SACRAMENTO, Calif. — UFC welterweight champion Georges St. Pierre vacated his title Friday, citing a desire for a lengthy break from mixed martial arts.
St. Pierre believes he'll eventually return to the sport, but doesn't want to block other fighters' advancement in the welterweight division while he takes a break from the relentless pressure of training and sorts out unspecified personal problems.
“I can't hold on to my title for the respect of the other competitors,” St. Pierre said. “One day when I feel like it, I might come back, but right now I need a break.”
The Canadian star has been the UFC's 170-pound champion for nearly six years, winning 12 straight fights with nine consecutive title defenses. He beat Johny Hendricks by split decision last month at UFC 167 in Las Vegas.
“I never felt better physically,” St. Pierre said. “For me, it's mental. It's a lot of pressure. For me in order to keep my mental equilibrium, for me emotionally, I need this. I need to have a normal life for a bit, and I'll feel better and come back stronger.”
Hendricks will fight Robbie Lawler on March 15 in Dallas for the vacant welterweight title, UFC President Dana White said.
The 32-year-old St. Pierre (25-2) has been generally considered the UFC's biggest pay-per-view draw since the departure of heavyweight Brock Lesnar, defeating every challenger in the welterweight division with superb technical skill.
But St. Pierre has lamented the stress of his prominence in the sport, saying his obsessive nature prevents him from enjoying life while maintaining the focus necessary to train for title fights.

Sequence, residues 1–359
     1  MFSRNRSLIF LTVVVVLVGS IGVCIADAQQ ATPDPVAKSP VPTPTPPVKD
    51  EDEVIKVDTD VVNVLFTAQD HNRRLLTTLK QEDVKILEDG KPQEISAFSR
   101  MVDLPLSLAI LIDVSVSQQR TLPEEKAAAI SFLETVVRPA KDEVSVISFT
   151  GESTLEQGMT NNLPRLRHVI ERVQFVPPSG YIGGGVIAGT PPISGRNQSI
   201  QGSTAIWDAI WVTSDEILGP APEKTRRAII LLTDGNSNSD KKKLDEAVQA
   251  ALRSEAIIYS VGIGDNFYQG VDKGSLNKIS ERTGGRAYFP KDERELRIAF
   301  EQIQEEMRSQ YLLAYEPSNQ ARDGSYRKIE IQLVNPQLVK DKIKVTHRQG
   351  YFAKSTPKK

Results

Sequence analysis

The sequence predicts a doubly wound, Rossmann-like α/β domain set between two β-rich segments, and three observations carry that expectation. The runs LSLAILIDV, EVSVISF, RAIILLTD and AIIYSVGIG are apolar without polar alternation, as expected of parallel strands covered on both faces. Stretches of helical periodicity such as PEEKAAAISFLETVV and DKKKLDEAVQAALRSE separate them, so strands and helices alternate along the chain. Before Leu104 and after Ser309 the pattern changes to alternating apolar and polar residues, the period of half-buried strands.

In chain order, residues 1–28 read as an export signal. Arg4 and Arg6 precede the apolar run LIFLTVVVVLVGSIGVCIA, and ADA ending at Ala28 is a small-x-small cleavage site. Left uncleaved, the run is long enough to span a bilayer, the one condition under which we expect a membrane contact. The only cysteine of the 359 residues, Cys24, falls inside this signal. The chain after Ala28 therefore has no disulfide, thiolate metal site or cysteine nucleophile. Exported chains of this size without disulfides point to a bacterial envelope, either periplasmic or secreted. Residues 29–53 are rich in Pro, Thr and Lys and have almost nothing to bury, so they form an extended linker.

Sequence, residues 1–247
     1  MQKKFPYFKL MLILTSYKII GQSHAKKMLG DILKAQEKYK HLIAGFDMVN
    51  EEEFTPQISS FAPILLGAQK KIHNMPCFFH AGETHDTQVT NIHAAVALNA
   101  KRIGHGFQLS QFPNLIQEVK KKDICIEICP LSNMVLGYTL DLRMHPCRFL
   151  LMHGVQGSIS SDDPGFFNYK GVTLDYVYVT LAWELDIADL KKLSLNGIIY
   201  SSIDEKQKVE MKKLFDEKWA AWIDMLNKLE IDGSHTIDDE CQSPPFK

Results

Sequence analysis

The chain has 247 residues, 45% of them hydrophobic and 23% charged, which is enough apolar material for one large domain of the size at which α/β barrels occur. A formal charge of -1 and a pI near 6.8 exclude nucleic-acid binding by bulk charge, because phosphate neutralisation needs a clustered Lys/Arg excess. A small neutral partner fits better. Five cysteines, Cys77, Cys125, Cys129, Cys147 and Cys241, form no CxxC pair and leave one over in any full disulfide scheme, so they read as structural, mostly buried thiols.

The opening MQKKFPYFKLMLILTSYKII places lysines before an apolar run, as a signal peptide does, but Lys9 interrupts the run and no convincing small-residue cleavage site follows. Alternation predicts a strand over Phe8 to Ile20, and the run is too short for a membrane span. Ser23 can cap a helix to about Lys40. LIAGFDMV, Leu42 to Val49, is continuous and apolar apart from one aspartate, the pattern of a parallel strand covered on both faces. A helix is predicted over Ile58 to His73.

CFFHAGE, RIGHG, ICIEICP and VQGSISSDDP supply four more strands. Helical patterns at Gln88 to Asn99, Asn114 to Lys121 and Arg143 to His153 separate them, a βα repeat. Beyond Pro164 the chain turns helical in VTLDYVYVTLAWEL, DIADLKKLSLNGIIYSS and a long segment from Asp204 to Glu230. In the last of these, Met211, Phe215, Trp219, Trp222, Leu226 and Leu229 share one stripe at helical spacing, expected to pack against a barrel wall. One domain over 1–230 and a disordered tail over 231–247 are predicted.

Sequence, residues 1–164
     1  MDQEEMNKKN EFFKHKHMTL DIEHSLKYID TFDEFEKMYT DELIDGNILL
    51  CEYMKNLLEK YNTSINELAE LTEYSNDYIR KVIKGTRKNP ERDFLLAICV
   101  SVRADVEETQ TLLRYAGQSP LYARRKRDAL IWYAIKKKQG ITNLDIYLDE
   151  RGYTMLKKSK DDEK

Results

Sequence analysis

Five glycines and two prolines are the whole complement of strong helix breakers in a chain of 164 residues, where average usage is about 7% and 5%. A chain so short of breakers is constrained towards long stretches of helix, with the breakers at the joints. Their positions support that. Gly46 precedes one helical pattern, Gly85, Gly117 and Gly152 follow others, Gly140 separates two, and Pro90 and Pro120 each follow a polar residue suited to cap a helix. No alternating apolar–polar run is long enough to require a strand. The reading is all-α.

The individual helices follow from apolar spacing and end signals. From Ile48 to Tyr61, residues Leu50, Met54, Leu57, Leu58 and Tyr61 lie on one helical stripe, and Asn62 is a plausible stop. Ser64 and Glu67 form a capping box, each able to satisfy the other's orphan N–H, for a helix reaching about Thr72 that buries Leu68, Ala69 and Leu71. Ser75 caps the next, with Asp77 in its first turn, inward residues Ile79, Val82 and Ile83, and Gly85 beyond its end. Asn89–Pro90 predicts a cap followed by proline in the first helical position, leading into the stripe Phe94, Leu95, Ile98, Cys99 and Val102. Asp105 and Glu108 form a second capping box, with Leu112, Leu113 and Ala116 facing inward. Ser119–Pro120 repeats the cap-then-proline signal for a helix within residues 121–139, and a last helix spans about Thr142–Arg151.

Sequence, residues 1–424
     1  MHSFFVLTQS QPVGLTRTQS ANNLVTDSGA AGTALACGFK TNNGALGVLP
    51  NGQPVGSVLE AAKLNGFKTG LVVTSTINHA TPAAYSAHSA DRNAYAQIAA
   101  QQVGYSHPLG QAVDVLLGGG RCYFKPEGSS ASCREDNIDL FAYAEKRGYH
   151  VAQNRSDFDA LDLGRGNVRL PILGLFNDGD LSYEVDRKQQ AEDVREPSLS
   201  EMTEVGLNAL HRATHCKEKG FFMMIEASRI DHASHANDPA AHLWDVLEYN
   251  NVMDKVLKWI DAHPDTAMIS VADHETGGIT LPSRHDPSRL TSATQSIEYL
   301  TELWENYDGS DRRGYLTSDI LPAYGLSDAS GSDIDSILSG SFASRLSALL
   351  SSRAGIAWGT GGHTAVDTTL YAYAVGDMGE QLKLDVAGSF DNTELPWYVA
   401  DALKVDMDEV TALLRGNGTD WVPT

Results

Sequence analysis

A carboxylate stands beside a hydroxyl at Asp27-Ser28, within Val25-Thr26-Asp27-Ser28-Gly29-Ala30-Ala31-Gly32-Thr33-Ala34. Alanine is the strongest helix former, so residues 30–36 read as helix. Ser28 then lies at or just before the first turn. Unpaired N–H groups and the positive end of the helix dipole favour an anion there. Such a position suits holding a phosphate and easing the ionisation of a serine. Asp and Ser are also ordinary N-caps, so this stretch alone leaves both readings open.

“It's been a long time I wanted to do this,” St. Pierre said of his break. “It built up on my shoulders, training camp after training camp. I have personal things I want to do. My life is a ... zoo right now. I need to take a break. I've been fighting a very long time on a high level.”
Although St. Pierre's departure deprives the UFC of one of its most accomplished champions, White praised the decision, saying he would never pressure a fighter to stay too long in the sport.
“This is fighting, and you have to be 100 percent mental, physical,” White said. “And if you're not, you should sit on the sidelines until you get back. I think this is the right move for Georges St. Pierre. You can hear by listening to him he's got a lot of issues personally he needs to deal with.”
White was initially publicly critical of St. Pierre's desires to walk away from the sport.
St. Pierre hasn't lost since April 2007 when Matt Serra took away the 170-pound belt. St. Pierre reclaimed the title later that year and beat Serra in a rematch shortly afterward.
But St. Pierre didn't fight between April 2011 and November 2012 while recovering from a torn ligament in his right knee. He has bounced back from injury with wins over Carlos Condit, Nick Diaz and Hendricks, although his most recent victory was widely debated.
St. Pierre took extensive facial damage in his fight with Hendricks, but claimed injuries and the overall physical toll of fighting had nothing to do with his hiatus.
“I believe one day I will come back,” St. Pierre said. “The problem is I don't know how long. I can't put myself through another training camp right now. I feel like mentally I need a break, and I don't want to make nobody wait. It has to be up to me. It has to be on my terms, and when I come back, I will come back stronger.”
Hendricks, a NCAA champion wrestler at Oklahoma State, has been the division's top contender for several months, and White was among the ringside observers who thought he beat St. Pierre last month. Lawler has risen to title contention with three straight victories after dropping from middleweight to welterweight.
The fight will be held at UFC 171 at American Airlines Center in Dallas on a card originally slated to feature light heavyweight champion Jon Jones' defense against Glover Teixeira. That fight has been moved to UFC 172, although that card's location and date haven't been set.